You move from screen to screen in the usual left to right fashion, tackling tedious platforms, avoiding  terribly pointless enemies, to make your way to the next screen. Your only weapon, used to stun enemies and not kill them, is ketchup, which you launch at the enemies and who suddenly look to the player in surprise, as if to say “What did I do?”. Scattered throughout the game are packs of corn to collect, these give you invincibility for about 10 seconds.

Maybe that last caption was  slightly unfair... this has a castle in the background

Maybe that last caption was slightly unfair… this has a castle in the background

Each screen is pretty repetitive and dull, there’s no music and the sounds effects are random and bizarre. One terrible example is when you die from a fall, you’re welcomed by the most disturbing and out of place voice exclaiming “Whoops” at your expense. A few more screens into the game you reach Igor, this seemed like a nice change from the usual dullness of each screen, I thought at this point there might be some “thanks for rescuing me”, or bonus points, or perhaps witty dialogue…. nope, nothing, Igor just evaporates when walk into him. Sigh.

Even these captions are boring

Even these captions are boring

I’ve got a feeling I’ll be taking a spiralling dive towards the negative with these reviews, however, I am going into these games having never (in most cases) played them before, and with low expectations. So if a game does surprise me, I’ll say so. I tried Duckula as I’m a fan of the cartoon, so why wouldn’t I want to play the game? The title screen, box art and characters all look good, and I expect with just the screen shots and nothing else to go on it actually looked quite nice.

Thought I'd finish on this info screen. Infinitely more interesting than the game

Thought I’d finish on this info screen. Infinitely more interesting than the game

I can tell you now this is my first and will be my only time of playing this game. Appearances can be deceptive, Duckula is aesthetically pleasing (as sometimes these licenses can be), but the game however is best left on the shelf. It doesn’t do the cartoon any justice, and once again you get the feeling if this didn’t have Duckula on the label it wouldn’t have sold a single copy. An extremely glitchy and dull platformer which has Yolanda levels of frustration.  Incidentally, I didn’t reach the end, my patience ran out about halfway and I can only afford so much counselling. I checked it out on YouTube instead just to see the end boss. I wouldn’t bother, unless you’re reaaaallly bored, and curious.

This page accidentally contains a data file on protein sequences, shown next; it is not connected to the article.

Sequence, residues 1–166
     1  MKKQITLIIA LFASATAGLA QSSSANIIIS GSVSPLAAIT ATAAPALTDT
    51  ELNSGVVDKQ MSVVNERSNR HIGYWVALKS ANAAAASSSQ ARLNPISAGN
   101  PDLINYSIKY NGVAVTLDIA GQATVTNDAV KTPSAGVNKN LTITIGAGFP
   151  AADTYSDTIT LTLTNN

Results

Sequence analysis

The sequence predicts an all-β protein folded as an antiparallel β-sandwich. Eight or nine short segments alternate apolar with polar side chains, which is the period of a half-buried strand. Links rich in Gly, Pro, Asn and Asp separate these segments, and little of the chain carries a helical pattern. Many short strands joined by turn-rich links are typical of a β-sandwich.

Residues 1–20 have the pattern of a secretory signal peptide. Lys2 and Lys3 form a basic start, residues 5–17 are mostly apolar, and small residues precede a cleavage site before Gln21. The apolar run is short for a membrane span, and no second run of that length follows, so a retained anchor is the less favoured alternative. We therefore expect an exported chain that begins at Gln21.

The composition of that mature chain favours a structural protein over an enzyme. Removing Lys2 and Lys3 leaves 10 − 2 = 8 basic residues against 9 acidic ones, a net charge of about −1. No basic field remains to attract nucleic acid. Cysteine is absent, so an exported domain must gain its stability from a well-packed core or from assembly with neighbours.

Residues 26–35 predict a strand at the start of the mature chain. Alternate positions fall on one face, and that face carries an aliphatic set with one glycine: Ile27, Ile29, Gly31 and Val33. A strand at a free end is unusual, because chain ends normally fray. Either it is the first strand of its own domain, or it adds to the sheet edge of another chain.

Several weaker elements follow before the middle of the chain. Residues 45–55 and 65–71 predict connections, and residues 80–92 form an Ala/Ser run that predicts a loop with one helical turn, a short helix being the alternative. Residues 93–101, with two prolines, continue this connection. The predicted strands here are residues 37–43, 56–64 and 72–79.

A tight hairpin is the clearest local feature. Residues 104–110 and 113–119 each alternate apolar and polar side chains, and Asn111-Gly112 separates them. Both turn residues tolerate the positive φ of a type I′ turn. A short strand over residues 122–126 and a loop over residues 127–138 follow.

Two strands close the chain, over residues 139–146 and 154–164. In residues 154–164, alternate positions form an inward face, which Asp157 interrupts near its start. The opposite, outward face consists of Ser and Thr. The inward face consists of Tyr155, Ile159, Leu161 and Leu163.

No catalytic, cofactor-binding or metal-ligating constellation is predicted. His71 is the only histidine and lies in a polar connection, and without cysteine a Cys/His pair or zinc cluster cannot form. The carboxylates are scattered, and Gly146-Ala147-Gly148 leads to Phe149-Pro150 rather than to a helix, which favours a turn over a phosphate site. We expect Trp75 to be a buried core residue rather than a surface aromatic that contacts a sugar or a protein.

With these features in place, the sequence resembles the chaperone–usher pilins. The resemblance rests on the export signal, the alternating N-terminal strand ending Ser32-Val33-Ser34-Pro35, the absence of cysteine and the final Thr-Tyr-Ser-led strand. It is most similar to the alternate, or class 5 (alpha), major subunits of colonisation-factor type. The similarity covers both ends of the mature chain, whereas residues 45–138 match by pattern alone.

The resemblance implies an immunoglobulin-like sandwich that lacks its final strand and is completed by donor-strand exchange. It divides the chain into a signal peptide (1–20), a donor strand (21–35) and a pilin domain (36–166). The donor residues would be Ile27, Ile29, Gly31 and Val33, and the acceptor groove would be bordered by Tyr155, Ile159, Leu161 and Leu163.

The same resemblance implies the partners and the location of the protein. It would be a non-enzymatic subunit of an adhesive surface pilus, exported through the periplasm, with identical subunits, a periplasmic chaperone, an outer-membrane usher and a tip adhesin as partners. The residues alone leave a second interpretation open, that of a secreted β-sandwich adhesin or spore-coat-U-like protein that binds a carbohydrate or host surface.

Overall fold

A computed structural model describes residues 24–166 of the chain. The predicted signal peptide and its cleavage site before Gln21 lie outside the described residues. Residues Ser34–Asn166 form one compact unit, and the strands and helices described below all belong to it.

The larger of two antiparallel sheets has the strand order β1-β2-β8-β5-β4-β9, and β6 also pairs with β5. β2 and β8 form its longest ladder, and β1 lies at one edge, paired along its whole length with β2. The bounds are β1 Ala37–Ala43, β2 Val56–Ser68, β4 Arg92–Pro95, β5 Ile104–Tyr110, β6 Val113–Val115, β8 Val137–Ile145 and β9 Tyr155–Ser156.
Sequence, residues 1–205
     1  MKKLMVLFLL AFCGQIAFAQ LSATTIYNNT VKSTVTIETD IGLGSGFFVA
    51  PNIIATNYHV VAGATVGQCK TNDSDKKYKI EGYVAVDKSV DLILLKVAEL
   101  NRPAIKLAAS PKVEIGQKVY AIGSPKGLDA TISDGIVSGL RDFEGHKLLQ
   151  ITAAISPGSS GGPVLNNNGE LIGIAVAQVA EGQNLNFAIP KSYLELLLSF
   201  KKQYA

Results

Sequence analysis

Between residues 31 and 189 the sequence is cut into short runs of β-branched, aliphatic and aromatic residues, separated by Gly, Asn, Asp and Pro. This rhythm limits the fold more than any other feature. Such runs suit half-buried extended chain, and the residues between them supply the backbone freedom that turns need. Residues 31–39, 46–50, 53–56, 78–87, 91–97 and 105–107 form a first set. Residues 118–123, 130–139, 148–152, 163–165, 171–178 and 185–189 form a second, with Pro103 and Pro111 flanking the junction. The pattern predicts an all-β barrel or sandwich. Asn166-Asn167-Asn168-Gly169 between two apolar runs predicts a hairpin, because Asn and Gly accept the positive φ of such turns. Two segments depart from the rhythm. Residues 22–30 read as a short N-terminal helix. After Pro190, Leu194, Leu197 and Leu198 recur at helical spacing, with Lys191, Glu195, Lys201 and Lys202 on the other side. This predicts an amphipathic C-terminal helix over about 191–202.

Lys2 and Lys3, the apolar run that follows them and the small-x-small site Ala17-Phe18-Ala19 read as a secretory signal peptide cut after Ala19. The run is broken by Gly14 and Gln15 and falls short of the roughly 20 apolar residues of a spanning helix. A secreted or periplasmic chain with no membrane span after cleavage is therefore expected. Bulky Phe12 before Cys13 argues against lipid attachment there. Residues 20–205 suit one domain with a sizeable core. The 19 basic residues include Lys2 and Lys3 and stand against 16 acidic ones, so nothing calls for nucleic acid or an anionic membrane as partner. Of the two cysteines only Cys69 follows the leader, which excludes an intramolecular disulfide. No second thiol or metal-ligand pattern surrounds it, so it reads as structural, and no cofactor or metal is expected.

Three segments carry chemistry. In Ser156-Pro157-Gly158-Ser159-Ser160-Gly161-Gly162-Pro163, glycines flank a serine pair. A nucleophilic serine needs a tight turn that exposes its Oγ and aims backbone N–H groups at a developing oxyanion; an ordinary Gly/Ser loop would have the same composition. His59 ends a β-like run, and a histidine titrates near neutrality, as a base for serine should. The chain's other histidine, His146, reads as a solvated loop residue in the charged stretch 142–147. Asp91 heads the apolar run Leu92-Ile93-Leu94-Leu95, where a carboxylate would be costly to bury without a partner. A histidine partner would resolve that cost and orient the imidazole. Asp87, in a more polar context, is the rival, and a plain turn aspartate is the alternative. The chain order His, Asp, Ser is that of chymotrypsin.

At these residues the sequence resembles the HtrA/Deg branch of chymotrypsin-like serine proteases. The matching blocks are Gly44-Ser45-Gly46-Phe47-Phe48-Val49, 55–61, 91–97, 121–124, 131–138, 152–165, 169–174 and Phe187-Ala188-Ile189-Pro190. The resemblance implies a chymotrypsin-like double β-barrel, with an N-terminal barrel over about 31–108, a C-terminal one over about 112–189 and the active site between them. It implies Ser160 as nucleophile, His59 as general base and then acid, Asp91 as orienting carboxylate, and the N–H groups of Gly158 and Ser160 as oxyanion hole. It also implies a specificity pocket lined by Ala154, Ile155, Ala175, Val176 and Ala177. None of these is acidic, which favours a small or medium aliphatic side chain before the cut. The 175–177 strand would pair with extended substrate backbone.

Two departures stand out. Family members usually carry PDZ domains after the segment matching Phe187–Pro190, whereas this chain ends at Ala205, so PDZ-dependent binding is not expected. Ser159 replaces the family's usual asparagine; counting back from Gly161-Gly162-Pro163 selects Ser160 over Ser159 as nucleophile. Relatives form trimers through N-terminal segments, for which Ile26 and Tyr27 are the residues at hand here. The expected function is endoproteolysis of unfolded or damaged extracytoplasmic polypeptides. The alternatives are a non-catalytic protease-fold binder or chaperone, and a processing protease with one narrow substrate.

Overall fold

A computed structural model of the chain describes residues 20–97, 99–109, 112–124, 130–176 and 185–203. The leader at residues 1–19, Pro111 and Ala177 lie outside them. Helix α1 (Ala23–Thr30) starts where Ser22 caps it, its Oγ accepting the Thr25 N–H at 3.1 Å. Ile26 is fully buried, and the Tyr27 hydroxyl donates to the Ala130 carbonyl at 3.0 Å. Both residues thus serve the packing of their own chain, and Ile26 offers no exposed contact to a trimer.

Lets see how the first Duckula game compares… next time…

Nanny says no. Just no.

Nanny says no. Just no.

Retro computing magazines

January 3, 2014

Retro computing magazines

A couple of retro computing magazines I acquired over the Christmas holiday, What Micro? from August 1984, and Personal Computer World from December 1981.

I’ll get around to reading them at some point and sharing my views!

Happy Anniversary Reality Glitch…

October 31, 2013
The scariest face you'll see all day

The scariest face you’ll see all day

… which also just happens to be Halloween. Reality Glitch was born 4 years ago today, on a dark stormy Halloween night, in a small grave yard, just behind an old abandoned toy factory down the road from a mental asylum. 

I logged into WordPress and began this rather inconsistent, plot hole ridden blogging expedition into the unknown. My first blog post was a rather dismal attempt to review Dune II on the Amiga, it was okay, but it sounded a bit forced. These days I just write whatever rhubarb appears in my head, I’m amazed Reality Glitch is still going.

Anyways, on this anniversary day, and totally not a Halloween blog post*, here are a few spooky titles I’ve enjoyed playing over the years on the Amiga.


You know those bad dreams you were having... well...

You know those bad dreams you’ve been having… well…

Genre: Horror, Point ‘n’ Click Adventure

Released: 1992

Publisher: Cyberdreams

Disks: 7

I was always a huge HR Giger fan, I loved watching the Alien movies (before I was even technically allowed too), I used Giger as an inspiration for my GCSE art project, so when I saw Darkseed advertised I remember desperately wanting to track down a copy. It wasn’t until the late 90’s when I finally got my hands on it.

I loved the graphics and atmosphere and to a certain extent the story. I say certain extent because to be honest I’ve never completed it. Certain scenes in the game are ingrained in my mind to this day, mostly the animated parts with the baby on the doorstep, the nightmare and dream sequences, and more specifically the way the staircase is made of skulls when you cross over into the dark world. I never wanted to sleep in the game (or at all sometimes) as I knew something bizarre would happen again.

The Addams Family

If you've got a movie coming out, think Ocean.

If you’ve got a movie coming out, think Ocean.

Genre: Platformer

Released: 1992

Publisher: Ocean

Disks: 1

I remember getting this based on playing the demo on a cover disk, I wasn’t disappointed. It’s a great platformer and really fun to play, the characters are nicely drawn and look like their movie counterparts (for the most part) and this gives the whole game a great cartoony feel.